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August 9, 2017

the importance of shells & lost and found

Here's a few more food packing no-no's we've encountered:

4.  MOLD:  I chose to pack some grapes in a baggie for our trip to New Orleans.  I became somewhat desperate for fresh fruit.  Translation:  I swallowed a few more moldy grapes than I would care to admit.  Why were the grapes moldy, you ask?  Oh, I'll get to that.
Nothing screams 'we-experienced-a-food-packing-issue' like a bag of moldy grapes.  You won't believe what happened to jeopardize the freshness of our grapes.  Saving that gem of a story for one of the last in this little segment on traveling with food.

5.  MISPLACED ITEMS:  When I visited St. Louis for an Irish dancing competition back in February, I brought grapefruit.  I packed my favorite little knife that glides ever so nicely thru my grapefruit.  It was my constant companion on my mission to eat a grapefruit each morning.  In my haste to pack our stuff up and get on the road, I misplaced the knife.  Did I throw it out when I was eliminating our paper plates from lunch in the hotel room?  I initially believed that I stuffed it into some little zippered pouch on our cooler bag on wheels.  My search of the cooler bag, my purse, and my overnight bag has produced no awesome little knife.  Since February, I am stuck using dull kitchen knives to butcher my tasty fruit. I swear one day I will replace these pathetic knives and choose to live like an adult with a real set of knives.

I still chuckle when I think of the park ranger who came across my enormous cutting board in his welcome center in Gettysburg.  My dad and I took 10 kids to Gettysburg back in 2011.  I slid my huge, handy-dandy cutting board in the car between my cooler and the passenger seat.  Rather than stop for lunch, I whipped up sandwiches on my board while my dad drove.  At one point, I dragged my lunch fixing stuff into the welcome center.  We ate lunch in the cafeteria there where I used my board as prep space.  After lunch the kids lined up to secure their junior ranger badges.  Each kid posed for a photo with the park ranger.  In order to take the photos, I leaned my cutting board against the counter.  We drove off without it.  I'm guessing that my portable lunch counter was the first of its kind to be left behind.  I must've just been overly excited to witness 10 kids achieve greatness as junior rangers.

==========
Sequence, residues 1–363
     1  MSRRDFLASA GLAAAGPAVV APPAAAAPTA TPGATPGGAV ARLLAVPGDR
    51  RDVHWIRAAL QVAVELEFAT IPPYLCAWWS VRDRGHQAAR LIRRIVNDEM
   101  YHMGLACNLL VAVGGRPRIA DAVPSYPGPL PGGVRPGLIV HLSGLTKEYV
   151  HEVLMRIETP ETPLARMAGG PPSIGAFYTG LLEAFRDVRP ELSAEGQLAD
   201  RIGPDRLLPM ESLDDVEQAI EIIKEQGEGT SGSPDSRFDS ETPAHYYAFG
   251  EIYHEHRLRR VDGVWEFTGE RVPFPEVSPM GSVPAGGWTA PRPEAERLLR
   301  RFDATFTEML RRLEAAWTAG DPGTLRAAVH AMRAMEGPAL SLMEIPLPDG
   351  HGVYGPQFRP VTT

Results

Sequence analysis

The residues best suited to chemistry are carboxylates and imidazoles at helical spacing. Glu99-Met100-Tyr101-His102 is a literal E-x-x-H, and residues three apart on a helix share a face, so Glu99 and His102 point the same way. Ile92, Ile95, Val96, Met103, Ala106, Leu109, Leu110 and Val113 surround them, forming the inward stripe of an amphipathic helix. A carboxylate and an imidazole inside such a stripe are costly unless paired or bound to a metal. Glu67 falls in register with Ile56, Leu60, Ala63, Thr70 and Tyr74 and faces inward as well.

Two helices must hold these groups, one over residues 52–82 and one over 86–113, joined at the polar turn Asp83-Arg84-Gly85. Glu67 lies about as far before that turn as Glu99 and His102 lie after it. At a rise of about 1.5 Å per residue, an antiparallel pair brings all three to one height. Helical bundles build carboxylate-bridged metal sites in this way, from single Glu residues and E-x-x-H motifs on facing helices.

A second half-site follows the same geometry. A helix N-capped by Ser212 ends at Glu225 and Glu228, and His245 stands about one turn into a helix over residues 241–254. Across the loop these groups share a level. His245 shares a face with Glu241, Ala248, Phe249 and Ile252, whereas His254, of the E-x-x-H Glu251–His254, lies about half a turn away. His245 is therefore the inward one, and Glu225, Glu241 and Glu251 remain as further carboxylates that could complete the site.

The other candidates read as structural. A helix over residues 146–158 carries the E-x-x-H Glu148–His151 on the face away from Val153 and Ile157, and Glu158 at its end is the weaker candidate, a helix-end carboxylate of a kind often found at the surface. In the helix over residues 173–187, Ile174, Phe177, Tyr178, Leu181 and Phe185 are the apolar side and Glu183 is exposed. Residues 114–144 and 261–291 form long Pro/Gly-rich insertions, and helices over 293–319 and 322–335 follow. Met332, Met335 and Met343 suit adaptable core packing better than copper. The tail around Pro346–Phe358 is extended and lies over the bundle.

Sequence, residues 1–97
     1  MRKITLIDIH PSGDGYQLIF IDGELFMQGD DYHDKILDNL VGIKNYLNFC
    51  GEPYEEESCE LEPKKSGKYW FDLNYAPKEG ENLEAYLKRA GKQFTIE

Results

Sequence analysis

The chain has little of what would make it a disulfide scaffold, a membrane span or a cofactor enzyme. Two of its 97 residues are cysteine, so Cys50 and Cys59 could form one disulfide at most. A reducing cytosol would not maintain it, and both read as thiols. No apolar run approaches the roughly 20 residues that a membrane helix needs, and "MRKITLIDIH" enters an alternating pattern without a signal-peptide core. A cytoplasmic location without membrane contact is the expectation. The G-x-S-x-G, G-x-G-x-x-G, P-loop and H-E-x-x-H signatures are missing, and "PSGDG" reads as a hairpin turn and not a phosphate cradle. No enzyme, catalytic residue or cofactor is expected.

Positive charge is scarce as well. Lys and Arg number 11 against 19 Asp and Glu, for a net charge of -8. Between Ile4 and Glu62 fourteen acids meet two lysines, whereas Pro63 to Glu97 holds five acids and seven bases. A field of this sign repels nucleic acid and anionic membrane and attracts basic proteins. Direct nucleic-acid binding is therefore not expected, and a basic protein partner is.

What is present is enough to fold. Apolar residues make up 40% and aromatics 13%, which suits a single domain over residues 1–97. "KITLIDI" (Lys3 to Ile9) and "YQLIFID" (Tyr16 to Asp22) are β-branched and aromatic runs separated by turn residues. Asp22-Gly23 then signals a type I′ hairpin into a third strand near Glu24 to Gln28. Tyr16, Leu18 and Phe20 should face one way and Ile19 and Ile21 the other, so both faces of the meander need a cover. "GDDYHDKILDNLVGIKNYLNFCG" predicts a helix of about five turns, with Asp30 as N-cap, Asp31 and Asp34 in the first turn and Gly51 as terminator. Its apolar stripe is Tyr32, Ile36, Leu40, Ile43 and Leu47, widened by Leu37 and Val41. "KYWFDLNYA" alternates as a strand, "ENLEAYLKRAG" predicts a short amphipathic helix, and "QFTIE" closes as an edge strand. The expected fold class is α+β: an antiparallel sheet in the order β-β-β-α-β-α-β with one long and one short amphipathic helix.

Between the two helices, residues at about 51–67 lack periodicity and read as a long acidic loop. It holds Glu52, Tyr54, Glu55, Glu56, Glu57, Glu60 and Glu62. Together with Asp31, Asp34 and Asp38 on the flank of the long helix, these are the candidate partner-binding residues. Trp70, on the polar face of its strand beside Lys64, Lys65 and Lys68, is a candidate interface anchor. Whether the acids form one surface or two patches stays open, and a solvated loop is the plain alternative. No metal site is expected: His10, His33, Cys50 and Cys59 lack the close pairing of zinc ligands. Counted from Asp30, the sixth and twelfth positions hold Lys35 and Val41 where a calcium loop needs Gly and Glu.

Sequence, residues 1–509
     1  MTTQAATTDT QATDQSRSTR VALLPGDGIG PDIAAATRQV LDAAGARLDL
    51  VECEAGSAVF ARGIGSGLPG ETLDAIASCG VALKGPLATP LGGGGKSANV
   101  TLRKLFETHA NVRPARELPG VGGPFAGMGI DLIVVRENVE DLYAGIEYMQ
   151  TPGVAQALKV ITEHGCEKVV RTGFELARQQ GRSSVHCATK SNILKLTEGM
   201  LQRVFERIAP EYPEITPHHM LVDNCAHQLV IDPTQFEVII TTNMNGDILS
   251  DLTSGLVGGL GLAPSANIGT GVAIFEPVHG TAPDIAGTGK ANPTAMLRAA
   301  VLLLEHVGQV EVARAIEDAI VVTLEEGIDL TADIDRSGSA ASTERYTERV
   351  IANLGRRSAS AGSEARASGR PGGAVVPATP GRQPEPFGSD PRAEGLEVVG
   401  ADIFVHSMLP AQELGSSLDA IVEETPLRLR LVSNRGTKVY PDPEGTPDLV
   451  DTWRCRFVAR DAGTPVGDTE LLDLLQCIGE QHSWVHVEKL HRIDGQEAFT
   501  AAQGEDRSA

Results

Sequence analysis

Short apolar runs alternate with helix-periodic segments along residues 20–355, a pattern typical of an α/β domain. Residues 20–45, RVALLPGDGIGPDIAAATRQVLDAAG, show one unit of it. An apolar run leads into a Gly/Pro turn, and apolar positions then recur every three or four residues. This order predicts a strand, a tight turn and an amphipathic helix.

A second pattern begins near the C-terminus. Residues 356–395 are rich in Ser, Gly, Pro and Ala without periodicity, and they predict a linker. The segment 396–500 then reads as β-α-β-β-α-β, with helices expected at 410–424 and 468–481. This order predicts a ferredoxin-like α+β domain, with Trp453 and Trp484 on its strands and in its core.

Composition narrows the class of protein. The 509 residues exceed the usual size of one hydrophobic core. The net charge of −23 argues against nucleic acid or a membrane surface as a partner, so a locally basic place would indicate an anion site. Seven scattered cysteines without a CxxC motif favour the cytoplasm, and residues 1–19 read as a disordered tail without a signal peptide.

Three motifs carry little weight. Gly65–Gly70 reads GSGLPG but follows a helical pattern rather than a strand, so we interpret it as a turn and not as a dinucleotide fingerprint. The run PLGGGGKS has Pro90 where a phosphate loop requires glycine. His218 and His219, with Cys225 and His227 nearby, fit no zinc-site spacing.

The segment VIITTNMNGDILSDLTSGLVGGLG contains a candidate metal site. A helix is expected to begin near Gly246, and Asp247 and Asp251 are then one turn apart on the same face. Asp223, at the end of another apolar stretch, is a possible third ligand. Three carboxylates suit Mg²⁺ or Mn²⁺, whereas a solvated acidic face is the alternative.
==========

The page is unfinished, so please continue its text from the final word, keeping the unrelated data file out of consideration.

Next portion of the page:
My nephew posing with the ranger.  In order to capture a photo of each of the ten kids in our party, I stowed my cutting board in front of his desk.  In all the excitement of seeing the kids sworn in as junior rangers, I forgot to grab my cutting board. 

6.  PEELED EGGS:  Last May was a nutty time for us.  Reggie knocked Coach's front teeth out when a ball he was practicing pitching with took a bad bounce.  This was hours before Lad graduated from high school.  It was days before we were leaving for our family road trip to Glacier National Park.
The dentist had Coach pose for this shot before he jammed the tooth back in his mouth.  Then Coach met us at Lad's graduation.  Curly brought him a bag of ice to hold to his face during the ceremony. 
In an effort to pack healthy breakfast items for our big trip, I hard boiled dozens of eggs.  I mean DOZENS.  My kids like hard boiled eggs.  If we kept them in the cooler, I thought this would be a perfect protein to offer for breakfast.  I took my desire to simplify eating on the road one step further.  I PEELED dozens of eggs the night before we left.

We were planning to camp.  We also planned to drive around in the comfort of the family's 12 seater white van, the 'great white' before dawn to watch for wildlife.  I figured it was easier to peel eggs in advance in lieu of having kids peel their eggs in the car.  Besides, I always think peeling an egg with a splash of running water makes it easier.  There would be no running water in the car on those chilly mornings. 

I tossed huge gallon sized Ziploc bags stuffed with our eggs in the cooler.  We ate the eggs for the first few mornings out west.  Then one morning a kid complained that her egg tasted funny.  Initially I suspected that my kid was just complaining because she didn't want to eat food I packed in the backseat of a car.

Turns out those handy little shells are meant to keep the eggs fresh.  A hard boiled egg outside of its shell is just a hard boiled egg waiting to go bad and smell up your cooler and your car with the added bonus of possibly making your kids gag.

I get tired just looking at this photo of our kitchen the morning we were TRYING to depart for Glacier.  All that stuff had to go in our van.  Our awesome plumber is in the middle of the work area as he prepared to unclog the sink. 
Oh, and as a fun aside, I jammed all of the shells from our soon-to-be foul hard boiled eggs down the garbage disposal the night before we departed.  Not only was life before our trip made hectic by Coach's emergency visit to the dentist, and our garage door being pulled off the track when the little release cord from the opener got stuck inside the closed door of the great white the night, but we also got to invite our plumber over to unplug our kitchen sink because egg shells shouldn't go down the disposal - well, certainly not in mass quantities. 

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